Joel M. Kremer, MD; Harry K. Genant, MD; Larry W. Moreland, MD; Anthony S. Russell, MD; Paul Emery, MD; Carlos Abud-Mendoza, MD; Jacek Szechinski, MD; Tracy Li, PhD; Zhiyu Ge, PhD; Jean-Claude Becker, MD; Rene Westhovens, MD
Abatacept is the first drug to use inhibition of activation of T cells as a therapeutic pathway. In this 1-year, randomized, placebo-controlled trial involving 116 centers and 652 patients with rheumatoid arthritis, abatacept reduced disease activity in patients who had active disease despite taking methotrexate. The drug is effective, but defining its true role will require longer trials in different patient populations.
Ann Intern Med. 2006;144(12):865-876. doi:10.7326/0003-4819-144-12-200606200-00003
Amir Tirosh, MD, PhD; Dror Mandel, MD; Francis B. Mimouni, MD; Eyal Zimlichman, MD; Tzippora Shochat, MSc; Ilan Kochba, MD
In this study of 488 841 military recruits, significantly more women than men had autoimmune disorders. Compared with asthmatic women, nonasthmatic women had a significantly higher prevalence of all autoimmune disorders except for the antiphospholipid syndrome. Type 1 diabetes mellitus, vasculitis, and rheumatoid arthritis were less prevalent in men with asthma than in those without. Asthma status may affect the prevalence of major autoimmune disorders. Preexisting asthma seems to protect against the development of autoimmune disorders to varying degrees in men and women.
Ann Intern Med. 2006;144(12):877-883. doi:10.7326/0003-4819-144-12-200606200-00004
Franz H. Messerli, MD; Giuseppe Mancia, MD; C. Richard Conti, MD; Ann C. Hewkin, MSc; Stuart Kupfer, MD; Annette Champion, MBA; Rainer Kolloch, MD; Athanase Benetos, MD; Carl J. Pepine, MD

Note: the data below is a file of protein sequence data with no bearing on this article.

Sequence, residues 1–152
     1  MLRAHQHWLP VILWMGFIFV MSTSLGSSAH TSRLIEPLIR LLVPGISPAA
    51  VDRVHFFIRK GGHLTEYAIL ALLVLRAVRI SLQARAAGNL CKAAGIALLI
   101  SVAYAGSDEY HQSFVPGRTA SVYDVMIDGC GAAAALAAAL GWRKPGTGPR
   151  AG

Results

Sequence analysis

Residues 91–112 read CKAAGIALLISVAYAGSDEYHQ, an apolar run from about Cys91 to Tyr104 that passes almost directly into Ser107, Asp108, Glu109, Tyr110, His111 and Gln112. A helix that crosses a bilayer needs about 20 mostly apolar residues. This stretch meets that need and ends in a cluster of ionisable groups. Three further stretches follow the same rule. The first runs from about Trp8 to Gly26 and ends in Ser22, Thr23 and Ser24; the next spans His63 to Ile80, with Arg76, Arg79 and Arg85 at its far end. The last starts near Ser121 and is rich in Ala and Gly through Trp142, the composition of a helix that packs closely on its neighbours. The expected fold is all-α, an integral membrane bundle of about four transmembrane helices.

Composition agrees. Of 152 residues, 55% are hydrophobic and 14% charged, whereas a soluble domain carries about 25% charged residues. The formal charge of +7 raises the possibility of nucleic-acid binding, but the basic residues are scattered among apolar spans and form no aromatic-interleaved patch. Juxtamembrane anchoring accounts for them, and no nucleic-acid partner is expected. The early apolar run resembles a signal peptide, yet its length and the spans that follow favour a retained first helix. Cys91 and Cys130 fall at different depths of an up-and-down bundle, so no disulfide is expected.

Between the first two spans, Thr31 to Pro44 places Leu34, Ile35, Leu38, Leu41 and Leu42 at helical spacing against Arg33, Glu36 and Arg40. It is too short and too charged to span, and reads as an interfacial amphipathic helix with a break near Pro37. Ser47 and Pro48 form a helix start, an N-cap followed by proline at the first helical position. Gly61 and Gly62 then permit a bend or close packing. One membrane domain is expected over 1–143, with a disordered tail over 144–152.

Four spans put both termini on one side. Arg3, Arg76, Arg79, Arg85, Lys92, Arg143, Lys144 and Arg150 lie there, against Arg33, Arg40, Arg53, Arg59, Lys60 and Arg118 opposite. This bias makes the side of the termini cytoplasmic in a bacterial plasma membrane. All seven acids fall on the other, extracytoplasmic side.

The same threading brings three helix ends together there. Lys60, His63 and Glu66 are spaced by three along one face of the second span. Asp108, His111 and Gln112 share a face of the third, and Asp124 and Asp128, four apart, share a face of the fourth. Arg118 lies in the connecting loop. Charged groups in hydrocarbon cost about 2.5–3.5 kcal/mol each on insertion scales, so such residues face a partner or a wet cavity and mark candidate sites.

Because blood flow in the coronary arteries takes place largely during diastole, an increase in risk for coronary artery disease with excessive lowering of diastolic blood pressure is plausible, although unproven. In this secondary analysis of data from a large randomized trial of 2 antihypertensive drugs in patients with coronary artery disease, the risk for the primary outcome, all-cause death, and myocardial infarction increased with low diastolic blood pressure. This relationship did not occur for stroke.
Ann Intern Med. 2006;144(12):884-893. doi:10.7326/0003-4819-144-12-200606200-00005
Peter K. Lindenauer, MD, MSc; Penelope Pekow, PhD; Shan Gao, MS; Allison S. Crawford, BA; Benjamin Gutierrez, PhD; Evan M. Benjamin, MD
The authors measured the effect of hospital or patient characteristics on the quality of care in 69 820 patients hospitalized for acute exacerbations of chronic obstructive pulmonary disease. They found too little use of systemic corticosteroid and antibiotic therapy, too much use of unnecessary and potentially harmful treatments, and considerable variation in practice across hospitals.
Ann Intern Med. 2006;144(12):894-903. doi:10.7326/0003-4819-144-12-200606200-00006
Shelley R. Salpeter, MD; Nicholas S. Buckley; Thomas M. Ormiston, MD; Edwin E. Salpeter, PhD
Pooled results from 19 trials with 33 826 asthmatic participants found that long-acting β-agonists increased exacerbations requiring hospitalization and life-threatening exacerbations compared with placebo. Hospitalizations were statistically significantly increased with salmeterol and formoterol and in children and adults. The risk for asthma-related deaths was increased, with a pooled risk difference of 0.07% (95% CI, 0.01% to 0.1%).
Ann Intern Med. 2006;144(12):904-912. doi:10.7326/0003-4819-144-12-200606200-00126
Roderick Tung, MD; Sanjay Kaul, MD; George A. Diamond, MD; Prediman K. Shah, MD
Interventional cardiologists have stopped using bare metal stents for percutaneous angioplasty in favor of drug-eluting stents. The authors argue that the evidence about the long-term incremental risks, benefits, and costs is not adequate to conclude that drug-eluting stents are superior to bare metal stents.